Solid Objects is shaping up to be a solid and lively new small press. Their first offering, Master of Miniatures, was a gorgeous and poignant Jim Shepard novella about the special effects wizard at Toho Studios during the heyday of the Gojira (Godzilla) films.
Their second offering shares the same eclectic vibe but is a unique creature in its own right. The play-as-poem-as-wordlove by Mac Wellman, Left Glove, is a spirited sprint through the adventure of a single glove, lost and then found. Wellman proves, with deft wordplay and tongue-in-cheek seriousness, that objects can be stars in a universal drama. He uses acrobatic sentences, chants, poetry, singsong, and a Greek chorus (of gloves, of course) to nimbly dance us over the chasm between object and soul, between person, place, and thing. He proves that objects can be funny, fun, and quite serious in their inherent meaning.
Or, to put it another way: This is the proper and fitting version of that dull plastic bag dance in American Beauty that people who’d apparently never thought about anything (A plastic bag can dance! O my eternal soul!) touted as the deepest thing they’d ever seen. This is a truer, wiser, funnier ode to lost things, to the power of the object as projection and also somehow as a rejection of projection. For we are told that Yamaha Nazimova, the loser of the glove, is a person:
Nothing is known. Not where she comes
From. Not where she goes. Not what she
Does if anything she doth. Her said character
A mystery. Likewise the place of her birth.
Age, status, comportment, and deportment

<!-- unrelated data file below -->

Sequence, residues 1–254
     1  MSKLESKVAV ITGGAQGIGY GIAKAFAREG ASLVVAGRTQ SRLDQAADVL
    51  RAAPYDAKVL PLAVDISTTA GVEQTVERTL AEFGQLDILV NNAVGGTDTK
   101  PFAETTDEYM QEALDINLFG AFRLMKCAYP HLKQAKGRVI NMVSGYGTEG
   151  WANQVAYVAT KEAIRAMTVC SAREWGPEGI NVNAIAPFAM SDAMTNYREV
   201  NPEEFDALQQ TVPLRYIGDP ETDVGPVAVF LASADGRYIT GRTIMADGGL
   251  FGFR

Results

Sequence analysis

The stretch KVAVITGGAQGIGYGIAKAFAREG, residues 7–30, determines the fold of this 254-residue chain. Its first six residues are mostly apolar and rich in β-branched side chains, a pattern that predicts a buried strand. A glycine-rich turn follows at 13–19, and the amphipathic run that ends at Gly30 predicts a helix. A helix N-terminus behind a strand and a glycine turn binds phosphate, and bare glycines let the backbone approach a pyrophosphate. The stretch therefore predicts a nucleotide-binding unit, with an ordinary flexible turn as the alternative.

The same is true of the finder of the lost left glove, a certain Jewel Beckett, of which we are told:
Not a stitch of Jewel Beckett is known to the rest;
Not a stitch of Jewel Beckett: not her height, not her weight,
Nor the meaning of her mysterious name;
Not a stitch of Jewel Beckett is a matter to bother;
Not a stitch of Jewel Beckett is a matter to care;
Of course, in a way this intentional, repetitive anonymity suggests a glaring absence, a person alienated and more truly lost than our glove. The glove, at least, is promised a mate, for there is always a Right Glove out there in the universe. Indeed, we get a rich, strange life woven around our titular left glove. Our glove is praised, disparaged, prophesied over, made to pass through trials, and finally given a happy ending of sorts. Metaphysical discussion, parody, and play circle throughout the telling. Indeed, a play this fanciful and fun could only have been written by a longtime playwright, someone who has an ear for the music of language and how it works both on the page and on the stage. Corporate speak and choral speak and pop-culture speak are scattered throughout and soaked in the surreal images that make up Left Glove.
Did I mention the book itself is an object of art? Did I mention you should absolutely read this book? Because you should and moreover, if you want to get the most out of it, read it aloud. Grab a few friends and a few copies and a big bottle of bourbon and spend the night dancing among the words in Mac Wellman’s lovely meditation on the universe of lost people and things.